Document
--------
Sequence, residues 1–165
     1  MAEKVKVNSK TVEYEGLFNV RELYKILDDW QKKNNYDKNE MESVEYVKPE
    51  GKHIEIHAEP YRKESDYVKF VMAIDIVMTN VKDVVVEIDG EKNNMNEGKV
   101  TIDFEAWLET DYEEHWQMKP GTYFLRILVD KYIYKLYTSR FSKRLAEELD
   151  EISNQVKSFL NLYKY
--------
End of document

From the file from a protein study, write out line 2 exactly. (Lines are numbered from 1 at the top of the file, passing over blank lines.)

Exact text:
     1  MAEKVKVNSK TVEYEGLFNV RELYKILDDW QKKNNYDKNE MESVEYVKPE